Switzerland opted for the minimum standard of Action 6 when signing the multilateral instrument (MLI) in 2019. It has already amended several double taxation agreements implementing the PPT accordingly. In cases where a double tax treaty (DTT) containing a PPT provision is applicable, the PPT supersedes the applicability of the Swiss domestic Anti-Treaty Abuse Act (Missbrauchsbeschluss). It appears that the Anti-Treaty Abuse Act is subject to increasingly limited applicability and is therefore likely to be abolished soon.
The question arises as to what extent the implementation of the PPT in double taxation agreements has a material impact on international structures involving Swiss entities. As of today, it is still premature to draw any final conclusions, though it can be noted that the PPT is largely seen as being in line with the long-standing practice of Switzerland in connection with treaty abuse.
BEPS and ATAD had, and still have, a substantial impact on Swiss taxation, in particular in concern of:
Swiss corporate tax and the Social Security Financing Act (STAF): The abolition of special cantonal tax regimes, along with other special tax regimes (finance branch, principal companies);
Optional introduction of patent box, R&D super-deduction, notional interest deduction at cantonal level, and reduction of corporate income tax rates for all legal entities;
Corporate income tax rate adjustment (increase) provisions in some cantons to prevent measures of existing and new CFC legislations;
Spontaneous exchange of information: The disclosure of tax rulings dealing with certain cross-border arrangements; and
Tax avoidance provisions introduced in bilateral DTTs replacing the Swiss domestic Anti-Treaty Abuse Act with a principal purpose test.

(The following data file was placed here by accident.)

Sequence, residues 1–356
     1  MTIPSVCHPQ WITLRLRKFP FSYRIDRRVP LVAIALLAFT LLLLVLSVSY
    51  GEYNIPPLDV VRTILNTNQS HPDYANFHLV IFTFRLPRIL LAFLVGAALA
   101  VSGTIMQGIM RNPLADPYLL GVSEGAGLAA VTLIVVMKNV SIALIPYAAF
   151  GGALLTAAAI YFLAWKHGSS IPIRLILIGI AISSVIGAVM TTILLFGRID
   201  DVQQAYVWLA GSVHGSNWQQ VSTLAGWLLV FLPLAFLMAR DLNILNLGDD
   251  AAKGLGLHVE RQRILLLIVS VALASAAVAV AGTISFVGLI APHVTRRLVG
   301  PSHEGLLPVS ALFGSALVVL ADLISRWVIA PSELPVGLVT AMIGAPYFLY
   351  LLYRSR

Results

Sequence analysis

Daniel U Lehmann
Bär & Karrer
T: +41 58 261 54 30
Daniel U Lehmann is a senior counsel at Bär & Karrer. He joined the firm in 1999, before becoming a partner in 2001.
Daniel has broad experience in corporate taxation, in particular in mergers and acquisitions (M&A), corporate reorganisations and restructurings, and corporate finance. He is also highly experienced in collective investment schemes, international tax planning, tax litigation, and real estate transactions. He often advises entrepreneurs and private clients on complex national and international tax planning.
Daniel holds a doctor of law degree from the University of St. Gallen, and is a regular speaker at national and international conferences.
Bär & Karrer
T: +41 58 261 53 19
Anke Stumm is an associate at Bär & Karrer. She has previously worked in the tax teams of professional services firms and investment banks.
Anke focuses on all aspects of national and international corporate tax law and tax planning for Swiss and foreign private clients. She advises clients on tax matters relating to inter-cantonal and international set-ups as well as in the area of M&A transactions and restructurings. She has broad experience regarding the taxation of trusts, foundations as well as funds structures. Her area of expertise includes Swiss tax compliance.
Anke holds a bachelor’s and a master’s degree in law and economics from the University of St. Gallen.